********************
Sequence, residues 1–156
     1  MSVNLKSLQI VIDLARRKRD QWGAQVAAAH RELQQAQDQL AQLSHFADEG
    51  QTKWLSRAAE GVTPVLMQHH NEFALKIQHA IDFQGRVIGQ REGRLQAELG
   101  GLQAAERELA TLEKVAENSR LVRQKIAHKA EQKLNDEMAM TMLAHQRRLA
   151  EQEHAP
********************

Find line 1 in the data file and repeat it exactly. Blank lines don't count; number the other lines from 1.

Sequence, residues 1–156